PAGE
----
Syria, Lebanon, Damascus
Despite the proclamation of the proclamation of its independence in 1943, Syria still does not admit the loss of Lebanon, and keeps on playing an important role in that country, through its history, its geography, its power and its economy.
A short historical review can be useful to understand the context of our discussion. In 1973, Damascus closed its borders with Lebanon in response to fighting between the Lebanese army and Palestinian guerrillas. Syrian troops have been stationing in Lebanese areas since 1976, when, at the beginning of the Civil War, Hafiz El Assad intervened in the name of Christian Maronites, trying to prevent Muslim to take power. In 1982, fights between Syria and Israel took place in the East of Lebanon, after the latter invaded these territories. The Ta'if agreements, in 1989, put Lebanon under Syrian trusteeship for two years. Finally, after the UN resolution n°1559, signed on the 2nd of September of 2004, and the assassination of the Lebanese Prime Minister Rafiq Hariri, on the 14th of February of 2005, Syria had to remove its army from the Lebanese territory, after thirty years of occupation.
Syrian and Lebanese economic models appear as being very different. Syrian economy is marked by socialism, and, despite incremental and gradual reforms, the public sector remains very important. On the other side, Lebanon, whose nickname is the Swiss of the Middle-East, disposes of a liberal model, and is opened to the Western economies. During the 1970's, Syrian economic performances were inferior to its neighbour's ones, particularly to Lebanese ones.
[...] Thus, Syrian politicians had private interests in these Lebanese telecommunication companies. The scandal laid in the stipulation of the contract that the companies would have contributed half of their profits to the governments. The companies were accused to have understated their profits, between 2001 and 2003, in order to pay fewer taxes. What we have to notice here is that pro-Syrian Lebanese President of Lebanon Emile Lahoud instrumentalized that scandal so as to lead an anti- Hariri campaign. Through Jean-Louis Qordahi, the “loud and aggressive Telecommunications minister”, he used personal attacks, and mobilized the press and the media so as to fuel the idea that Hariri's position was motivated by “concern for his personal financial interests”. [...]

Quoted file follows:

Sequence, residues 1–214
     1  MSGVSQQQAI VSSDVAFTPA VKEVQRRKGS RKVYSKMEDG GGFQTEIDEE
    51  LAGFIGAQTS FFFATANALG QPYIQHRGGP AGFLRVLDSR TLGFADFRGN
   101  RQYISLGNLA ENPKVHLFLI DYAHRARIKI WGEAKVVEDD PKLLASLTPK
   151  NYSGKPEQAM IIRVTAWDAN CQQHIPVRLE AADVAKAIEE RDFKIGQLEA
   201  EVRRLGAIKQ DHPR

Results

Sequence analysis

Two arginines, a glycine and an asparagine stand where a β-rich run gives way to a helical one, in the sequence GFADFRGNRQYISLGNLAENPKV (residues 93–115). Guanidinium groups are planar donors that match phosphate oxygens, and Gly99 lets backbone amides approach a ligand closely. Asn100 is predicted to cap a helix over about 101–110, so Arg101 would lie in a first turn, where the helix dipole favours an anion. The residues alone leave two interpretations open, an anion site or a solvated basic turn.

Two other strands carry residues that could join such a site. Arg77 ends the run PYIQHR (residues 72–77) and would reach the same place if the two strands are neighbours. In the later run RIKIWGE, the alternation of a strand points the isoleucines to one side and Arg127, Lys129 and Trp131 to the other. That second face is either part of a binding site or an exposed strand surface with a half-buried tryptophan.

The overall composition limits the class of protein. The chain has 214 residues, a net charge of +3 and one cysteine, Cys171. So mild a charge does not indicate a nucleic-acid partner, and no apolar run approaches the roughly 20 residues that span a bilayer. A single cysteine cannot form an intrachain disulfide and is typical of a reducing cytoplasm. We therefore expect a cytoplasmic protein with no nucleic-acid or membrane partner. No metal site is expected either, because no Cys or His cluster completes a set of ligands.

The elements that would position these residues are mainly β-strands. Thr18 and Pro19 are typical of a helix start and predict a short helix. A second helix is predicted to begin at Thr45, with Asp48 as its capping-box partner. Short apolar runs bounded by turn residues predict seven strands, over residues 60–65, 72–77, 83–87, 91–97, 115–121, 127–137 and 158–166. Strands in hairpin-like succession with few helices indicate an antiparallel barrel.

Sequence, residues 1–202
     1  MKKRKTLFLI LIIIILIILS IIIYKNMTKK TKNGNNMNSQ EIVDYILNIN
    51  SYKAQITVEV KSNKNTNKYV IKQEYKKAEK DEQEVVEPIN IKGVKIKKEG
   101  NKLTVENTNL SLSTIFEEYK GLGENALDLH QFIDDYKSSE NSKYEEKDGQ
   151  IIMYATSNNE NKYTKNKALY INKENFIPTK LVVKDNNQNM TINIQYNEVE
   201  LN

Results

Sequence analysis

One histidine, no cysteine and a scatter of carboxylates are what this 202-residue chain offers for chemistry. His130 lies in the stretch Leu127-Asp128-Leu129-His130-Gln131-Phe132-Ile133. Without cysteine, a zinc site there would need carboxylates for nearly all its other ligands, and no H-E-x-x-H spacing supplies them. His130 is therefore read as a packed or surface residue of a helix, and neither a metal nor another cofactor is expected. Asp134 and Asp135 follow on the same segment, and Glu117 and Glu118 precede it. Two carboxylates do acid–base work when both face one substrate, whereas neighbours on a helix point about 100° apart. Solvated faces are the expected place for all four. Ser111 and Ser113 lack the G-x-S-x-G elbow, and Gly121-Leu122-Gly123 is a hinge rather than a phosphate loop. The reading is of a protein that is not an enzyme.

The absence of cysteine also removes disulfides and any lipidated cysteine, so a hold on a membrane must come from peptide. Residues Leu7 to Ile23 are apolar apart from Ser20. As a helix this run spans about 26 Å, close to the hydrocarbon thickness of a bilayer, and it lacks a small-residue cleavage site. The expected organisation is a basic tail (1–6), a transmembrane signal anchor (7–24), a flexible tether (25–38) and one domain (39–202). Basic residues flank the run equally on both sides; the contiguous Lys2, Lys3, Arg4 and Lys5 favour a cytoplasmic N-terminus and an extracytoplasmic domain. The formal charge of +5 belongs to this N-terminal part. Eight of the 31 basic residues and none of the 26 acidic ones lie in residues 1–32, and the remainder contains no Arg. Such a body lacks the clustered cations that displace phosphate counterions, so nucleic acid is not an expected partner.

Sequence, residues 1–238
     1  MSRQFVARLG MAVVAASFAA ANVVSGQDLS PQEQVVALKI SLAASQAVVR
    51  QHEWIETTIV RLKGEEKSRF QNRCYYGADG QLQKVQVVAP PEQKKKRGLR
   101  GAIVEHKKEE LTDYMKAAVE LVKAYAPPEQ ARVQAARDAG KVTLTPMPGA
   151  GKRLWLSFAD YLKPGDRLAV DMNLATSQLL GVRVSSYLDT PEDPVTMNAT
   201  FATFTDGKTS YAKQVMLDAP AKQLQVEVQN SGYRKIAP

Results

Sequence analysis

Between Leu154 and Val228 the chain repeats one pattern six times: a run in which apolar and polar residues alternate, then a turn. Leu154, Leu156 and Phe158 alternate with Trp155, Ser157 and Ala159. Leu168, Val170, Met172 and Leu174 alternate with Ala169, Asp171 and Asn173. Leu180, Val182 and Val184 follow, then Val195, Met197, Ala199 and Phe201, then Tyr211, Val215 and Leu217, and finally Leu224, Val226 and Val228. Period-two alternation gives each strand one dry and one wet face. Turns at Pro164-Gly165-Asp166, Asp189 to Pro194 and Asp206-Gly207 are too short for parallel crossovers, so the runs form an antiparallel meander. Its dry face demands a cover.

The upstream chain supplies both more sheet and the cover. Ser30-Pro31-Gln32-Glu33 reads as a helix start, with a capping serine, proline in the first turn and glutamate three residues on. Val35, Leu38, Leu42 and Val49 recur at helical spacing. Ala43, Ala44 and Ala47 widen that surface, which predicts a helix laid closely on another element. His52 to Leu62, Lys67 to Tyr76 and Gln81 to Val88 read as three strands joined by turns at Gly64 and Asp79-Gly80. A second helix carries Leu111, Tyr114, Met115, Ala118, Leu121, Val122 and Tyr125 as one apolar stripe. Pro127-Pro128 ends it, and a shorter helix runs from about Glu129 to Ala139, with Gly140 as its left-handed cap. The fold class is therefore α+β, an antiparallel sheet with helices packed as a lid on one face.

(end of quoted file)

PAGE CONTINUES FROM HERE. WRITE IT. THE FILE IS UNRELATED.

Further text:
[...] Lebanon was, in a certain way, the intermediary between Western consumerist society and the socialist economy of Syria: the latter had a direct interest in keeping Lebanon alive, since that state of things did not put any pressure on its own economy. But Syria also wanted to keep Lebanese economy viable so as to preserve its capacity to absorb Syrian workers surplus. As Lebanon provided employment for “half a million to a million Syrians, about one-seventh of the labour workforce”, the “jobs reduce unemployment in Syria and provide a source of remittances estimated at billion per year as well as foreign exchange earnings” (p575). [...]
[...] In 1983, Syrian army set derivations on the outskirts of the powerhouse located on the Litani river, and since that moment, about 30% of the electric production directly goes to Syria. Thus, Syrian officials profited from Lebanese infrastructures The transformation of the Lebanese economy into a economy”, encouraged by Syria, forced the continuation of the Civil War The control operated by Syrian officials on the Lebanese economy is not the only thing that one has to remember of the economic circumstances of the Civil war. Facing the Syrian domination, Lebanese political economy slowly transformed and turned into a specific structure: a war economy. [...]
[...] The prices proposed were very high, much higher than in many Western countries, at the expense of the Lebanese society. However, the debate was not strictly economic, opposing privatisation to nationalisation, since others people were criticising Hariri's position. Indeed, largest shareholders in Liban Cell by 2004 were the sons of former Defense Minister Mohsen Dalloul, who it was claimed were acting as a front for top Syrian officials, including Vice President al-Halim Khaddam.” In addition, “Celis was associated with Minister Najig Miqati, whose family was connected with the ruling Asad family in Syria”. [...]
[...] A short historical review can be useful to understand the context of our discussion. In 1973, Damascus closed its borders with Lebanon in response to fighting between the Lebanese army and Palestinian guerrillas. Syrian troops have been stationing in Lebanese areas since 1976, when, at the beginning of the Civil War, Hafiz El Assad intervened in the name of Christian Maronites, trying to prevent Muslim to take power. In 1982, fights between Syria and Israel took place in the East of Lebanon, after the latter invaded these territories. [...]
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